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The Future of Cybersecurity

As the world’s reliance on technology grows, so does the need for cybersecurity. Forty-four percent of businesses are concerned about the growing threat of cyber attacks on their data and information. The pandemic has made the workplace more digital than ever before, creating a prime opportunity for hackers to breach data and steal personal information. From 2019 to 2020 alone, the U.S. experienced a 311 percent increase in victims of cybersecurity and identity theft.

Additionally, cybersecurity legislation is also in development, with President Biden signing the bipartisan Cyber Incident Reporting Act this past March, as global businesses face increased risks over ransomware threats and fears of cyberattacks from Russia in the wake of its invasion of Ukraine. Critical infrastructure, such as hospitals, power plants and fuel pipelines, is particularly vulnerable to hackers and similar attacks.

However, as these concerns increase, businesses and employees are rising to the challenge and taking a proactive approach to protect themselves and their company data from various threats and attacks, including placing more of an emphasis on cybersecurity planning within their executive teams, integrating holistic incident response plans, and embracing new technology. Below are three cybersecurity trends that are positively affecting the field.

Evolving cybersecurity management within an organization

Internal restructuring of cybersecurity management is a huge shift that is happening within many organizations as attacks evolve and become more complex. Traditionally, enterprise companies hire a chief information security officer (CISO) for threat assessment and response, with the chief executive officer (CEO) and board of directors taking a backseat role in cybersecurity planning and protection. Moving forward, cybersecurity responsibilities within a corporation will be shared amongst many executives. The CISO’s role will change into more of a subject matter expert, evaluating the threat landscape and actual risks, outlining the costs involved with cybersecurity insurance and protective solutions, and recommending a comprehensive incident response plan. Armed with this information, the CEO or board of directors will then make response decisions and act on these recommendations. Similarly, cybersecurity readiness and planning will become key criteria in the evaluation of CEOs, and boards of directors will hold them accountable as well should an organization be unprepared.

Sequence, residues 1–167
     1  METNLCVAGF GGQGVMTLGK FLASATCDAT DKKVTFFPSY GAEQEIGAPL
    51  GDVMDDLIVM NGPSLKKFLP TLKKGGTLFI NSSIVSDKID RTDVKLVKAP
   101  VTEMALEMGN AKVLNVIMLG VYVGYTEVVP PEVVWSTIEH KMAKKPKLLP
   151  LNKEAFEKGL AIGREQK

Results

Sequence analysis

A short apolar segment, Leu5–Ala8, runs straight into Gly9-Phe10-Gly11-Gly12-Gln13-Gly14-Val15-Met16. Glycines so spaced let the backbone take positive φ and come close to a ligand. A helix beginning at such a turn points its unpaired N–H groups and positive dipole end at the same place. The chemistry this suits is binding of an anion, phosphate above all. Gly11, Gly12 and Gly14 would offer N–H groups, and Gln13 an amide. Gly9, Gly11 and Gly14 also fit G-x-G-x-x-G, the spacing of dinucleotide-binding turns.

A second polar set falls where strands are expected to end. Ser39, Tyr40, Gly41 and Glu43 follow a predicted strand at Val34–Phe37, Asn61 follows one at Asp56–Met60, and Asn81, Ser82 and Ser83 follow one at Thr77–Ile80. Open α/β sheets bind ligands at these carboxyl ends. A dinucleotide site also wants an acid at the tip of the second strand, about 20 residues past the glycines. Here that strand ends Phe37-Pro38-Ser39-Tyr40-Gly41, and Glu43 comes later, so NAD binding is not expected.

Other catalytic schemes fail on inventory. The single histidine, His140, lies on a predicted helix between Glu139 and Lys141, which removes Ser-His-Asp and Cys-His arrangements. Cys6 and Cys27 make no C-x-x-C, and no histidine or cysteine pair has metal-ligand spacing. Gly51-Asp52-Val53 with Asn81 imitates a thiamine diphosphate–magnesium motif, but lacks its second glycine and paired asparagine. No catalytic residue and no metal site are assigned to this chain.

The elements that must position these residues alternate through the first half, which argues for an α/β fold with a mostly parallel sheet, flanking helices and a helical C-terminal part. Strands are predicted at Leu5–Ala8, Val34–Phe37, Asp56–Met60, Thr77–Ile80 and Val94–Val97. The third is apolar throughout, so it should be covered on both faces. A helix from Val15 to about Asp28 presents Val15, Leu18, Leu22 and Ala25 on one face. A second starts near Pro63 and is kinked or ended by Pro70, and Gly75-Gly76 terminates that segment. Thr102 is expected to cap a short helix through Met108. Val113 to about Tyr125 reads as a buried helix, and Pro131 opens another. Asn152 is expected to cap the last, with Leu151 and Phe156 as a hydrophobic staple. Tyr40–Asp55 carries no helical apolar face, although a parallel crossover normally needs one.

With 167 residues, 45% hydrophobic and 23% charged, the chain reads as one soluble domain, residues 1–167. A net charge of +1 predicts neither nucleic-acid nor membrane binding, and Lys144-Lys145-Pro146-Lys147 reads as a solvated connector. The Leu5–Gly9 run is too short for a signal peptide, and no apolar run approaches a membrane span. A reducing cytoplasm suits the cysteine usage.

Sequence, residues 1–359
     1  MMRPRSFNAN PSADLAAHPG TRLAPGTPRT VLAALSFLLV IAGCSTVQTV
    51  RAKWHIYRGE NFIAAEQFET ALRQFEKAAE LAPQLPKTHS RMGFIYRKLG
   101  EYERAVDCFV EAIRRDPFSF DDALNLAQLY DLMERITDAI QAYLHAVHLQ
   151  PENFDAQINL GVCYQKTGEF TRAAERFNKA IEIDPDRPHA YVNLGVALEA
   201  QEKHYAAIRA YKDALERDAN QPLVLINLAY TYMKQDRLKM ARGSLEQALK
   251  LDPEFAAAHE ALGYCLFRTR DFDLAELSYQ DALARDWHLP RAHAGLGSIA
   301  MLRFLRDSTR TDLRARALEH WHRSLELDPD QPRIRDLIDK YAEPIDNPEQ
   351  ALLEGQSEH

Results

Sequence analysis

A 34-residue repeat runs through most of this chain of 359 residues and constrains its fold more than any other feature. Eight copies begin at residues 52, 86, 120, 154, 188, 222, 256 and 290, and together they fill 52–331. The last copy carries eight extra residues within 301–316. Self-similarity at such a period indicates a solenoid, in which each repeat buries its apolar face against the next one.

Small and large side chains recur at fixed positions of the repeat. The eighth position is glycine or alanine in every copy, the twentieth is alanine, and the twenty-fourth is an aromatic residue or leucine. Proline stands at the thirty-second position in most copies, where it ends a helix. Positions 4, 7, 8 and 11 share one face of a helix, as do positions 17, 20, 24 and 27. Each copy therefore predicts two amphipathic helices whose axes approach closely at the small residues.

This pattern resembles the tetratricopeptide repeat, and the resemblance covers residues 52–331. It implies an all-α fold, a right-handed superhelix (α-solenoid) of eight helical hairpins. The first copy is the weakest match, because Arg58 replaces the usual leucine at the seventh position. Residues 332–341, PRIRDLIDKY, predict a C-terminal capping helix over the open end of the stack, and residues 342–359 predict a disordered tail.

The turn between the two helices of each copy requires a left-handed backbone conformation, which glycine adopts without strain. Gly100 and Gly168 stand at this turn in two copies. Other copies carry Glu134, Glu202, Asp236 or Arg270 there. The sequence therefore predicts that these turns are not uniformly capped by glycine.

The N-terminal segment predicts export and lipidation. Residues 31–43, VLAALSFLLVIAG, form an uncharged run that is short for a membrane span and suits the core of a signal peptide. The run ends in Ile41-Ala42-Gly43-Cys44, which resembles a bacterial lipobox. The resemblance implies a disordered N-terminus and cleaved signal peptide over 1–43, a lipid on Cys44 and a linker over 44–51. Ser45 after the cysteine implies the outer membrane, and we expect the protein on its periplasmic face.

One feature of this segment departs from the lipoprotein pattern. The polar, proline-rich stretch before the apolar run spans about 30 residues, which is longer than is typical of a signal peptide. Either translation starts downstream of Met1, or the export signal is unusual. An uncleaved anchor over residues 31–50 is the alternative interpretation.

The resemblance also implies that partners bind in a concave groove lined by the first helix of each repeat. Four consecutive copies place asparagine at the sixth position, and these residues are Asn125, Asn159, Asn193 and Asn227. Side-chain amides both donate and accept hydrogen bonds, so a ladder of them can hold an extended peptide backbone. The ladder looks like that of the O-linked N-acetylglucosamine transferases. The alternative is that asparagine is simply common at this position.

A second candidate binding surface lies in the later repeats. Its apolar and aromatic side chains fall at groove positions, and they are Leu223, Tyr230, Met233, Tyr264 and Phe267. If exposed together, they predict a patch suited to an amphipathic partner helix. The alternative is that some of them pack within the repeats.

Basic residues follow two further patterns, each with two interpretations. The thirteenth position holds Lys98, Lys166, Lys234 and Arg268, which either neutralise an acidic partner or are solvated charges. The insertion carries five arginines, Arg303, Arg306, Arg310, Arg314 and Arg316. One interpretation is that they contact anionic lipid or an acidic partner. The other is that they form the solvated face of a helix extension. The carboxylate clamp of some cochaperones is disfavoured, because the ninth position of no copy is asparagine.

Developing a corporate incident response team

The main goal of any smart security response is prevention. A 360-degree approach to security and risk assessment is standard issue when it comes to a physical security presence, but more and more companies are recognizing the importance of protecting their digital data as well as personnel. As part of this recognition, companies that previously did not have a security operations center (SOC) or preventative measures in place are taking active steps toward creating an incident response plan by evaluating the precautions they have in place, if any, and comparing them to regulatory requirements. These assessments, often dictated by the business model of the organization, provide a roadmap of clear steps toward improved security. These steps could include anything from replacing antiquated in-office antivirus solutions to incorporating next generation endpoint protection with forensics capabilities that protect company data on remote devices for employees who are now hybrid or completely remote.

This research and development leads to the creation and implementation of an incident response plan and team, because the goal is always to prevent a threat from happening and spreading. These response plans put clear, actionable steps in place for employees to follow to protect, prevent, analyze, and respond to a cybersecurity threat, and include a holistic approach to cybersecurity, from the product purchase, installation and deployment to the 24/7 monitoring and management of all digital company channels.

Embracing new technologies

The cybersecurity industry has progressed due to technological advancements, particularly within the last 20 years. However, much more growth and development are required to combat potential threats’ increasing number and complexity. Constant research, development and innovation are being conducted to evolve solutions as fast as new threats occur. The community as a whole lacks intelligence on potential threats, which is a general trend in security. The data provided by endpoint protection, email threat protection, firewalls, unified threat management platforms, and intrusion prevention systems and processed comprehensively through a SOC results in a more effective method of protecting a company’s digital assets and a quicker and smarter threat response.

With the growing threat of #cyberattacks, businesses are placing more of an emphasis on #cybersecurity planning within their executive teams, integrating holistic incident response plans, and embracing new technology. #respectdataClick to Post

Despite threats being on the rise, the future of cybersecurity looks bright. Overall, companies and their employees are being more diligent and understand the importance of protecting their digital assets. Shifts in cybersecurity responsibility within corporate executive teams, the development of holistic incident response plans, and the embracing of new technology are all contributing to an improved outlook. As more businesses begin to pay attention and understand these threats and the importance of precautions, the cybersecurity landscape will continue to gain momentum and improve.